It all started when Kristen Hadeed, a college student, asked her parents for a loan to buy an expensive pair of jeans. They laughed and then told her to get a job.
And so she did just that. In fact, she created her own job.
Kristen recognized one of her strengths – she liked things neat and clean. And so she decided to take on some cleaning jobs in her area. Very quickly, the demand exceeded her own abilities, and so she engaged the help of other students. She landed a massive contract and had students lined up to help her with the work.
And then the unthinkable happened – her team let her down in a massive way.
In a recent interview, Kristen recalls that incident as being devastating, but also one of her greatest lessons in leadership.
She had a choice – give up or build a better team. She chose the latter.
She set high standards for her team – requiring a high GPA and community service, for instance. She realized that those who were responsible enough to earn good grades and give back to the community were more likely candidates to show up for work and do the job well.
It’s a method that has paid off handsomely. Kristen, now 25 years old, operates a highly successful cleaning business with 400 employees during the busy season.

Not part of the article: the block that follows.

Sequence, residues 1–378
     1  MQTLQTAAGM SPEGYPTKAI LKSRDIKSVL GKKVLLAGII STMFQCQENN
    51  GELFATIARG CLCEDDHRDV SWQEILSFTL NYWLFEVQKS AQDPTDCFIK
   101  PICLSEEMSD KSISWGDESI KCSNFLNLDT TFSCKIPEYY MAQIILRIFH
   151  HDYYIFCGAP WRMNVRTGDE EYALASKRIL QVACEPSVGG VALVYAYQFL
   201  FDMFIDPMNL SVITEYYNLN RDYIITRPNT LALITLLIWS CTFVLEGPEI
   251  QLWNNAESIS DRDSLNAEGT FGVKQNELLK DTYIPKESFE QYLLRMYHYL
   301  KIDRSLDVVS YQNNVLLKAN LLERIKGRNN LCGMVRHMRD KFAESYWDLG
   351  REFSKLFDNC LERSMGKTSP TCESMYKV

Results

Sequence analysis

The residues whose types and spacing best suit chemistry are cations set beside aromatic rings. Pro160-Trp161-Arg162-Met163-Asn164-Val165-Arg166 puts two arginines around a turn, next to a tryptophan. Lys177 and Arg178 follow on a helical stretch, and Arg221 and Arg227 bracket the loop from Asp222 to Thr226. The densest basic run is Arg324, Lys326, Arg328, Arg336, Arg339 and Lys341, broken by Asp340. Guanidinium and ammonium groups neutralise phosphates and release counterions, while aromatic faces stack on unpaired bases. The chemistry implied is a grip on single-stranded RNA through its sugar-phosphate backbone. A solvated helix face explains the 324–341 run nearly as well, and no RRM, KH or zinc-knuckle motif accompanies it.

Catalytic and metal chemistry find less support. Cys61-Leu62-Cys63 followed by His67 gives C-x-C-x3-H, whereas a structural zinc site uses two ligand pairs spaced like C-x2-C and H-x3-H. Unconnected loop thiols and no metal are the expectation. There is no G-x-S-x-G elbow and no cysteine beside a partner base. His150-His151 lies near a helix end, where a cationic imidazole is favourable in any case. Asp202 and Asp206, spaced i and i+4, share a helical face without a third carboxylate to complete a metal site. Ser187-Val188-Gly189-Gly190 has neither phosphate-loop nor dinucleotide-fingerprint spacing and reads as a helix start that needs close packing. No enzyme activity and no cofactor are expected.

Here’s the thing. She started her business in college, but the seed of her business was planted years earlier. When she was 10 years old, she made a list of ways to retire before she turned 20. Number six on the list was “house cleaning”.
In a Ted Talk, she talks about her varied leadership experiences through the years and how she met with challenges along the way.
Kristen knew three things:
- She wanted to make money;
- She wanted to lead; and
- She had strengths that could be turned into a business.
And she learned three things:
- You may not make money on every idea, but you have to risk failure in order to succeed;
- You have to lead the right way and form a strong team; and
- Your business must be built on your strengths in order for it to be lasting and rewarding.
While Kristen went on to graduate, her greatest lessons were not the ones she learned in class as much as the ones she learned from starting and running her own business and leading others.
It’s an amazing story for all entrepreneurs and entrepreneur wannabes. What kinds of things did you aspire to do when you were 10? It might serve you well to tap into those ideas and see where they lead. In fact, we do this very thing in our Strengths Reporting and Discover My Best Focus program. We dig all the way back to childhood to look for those specific strengths that you may not even realize you had – strengths you can turn into a successful career or business.
Contact me if you need help identifying your strengths and tapping into ideas for how to use those strengths to create a business or further develop your career. I’d be delighted to help.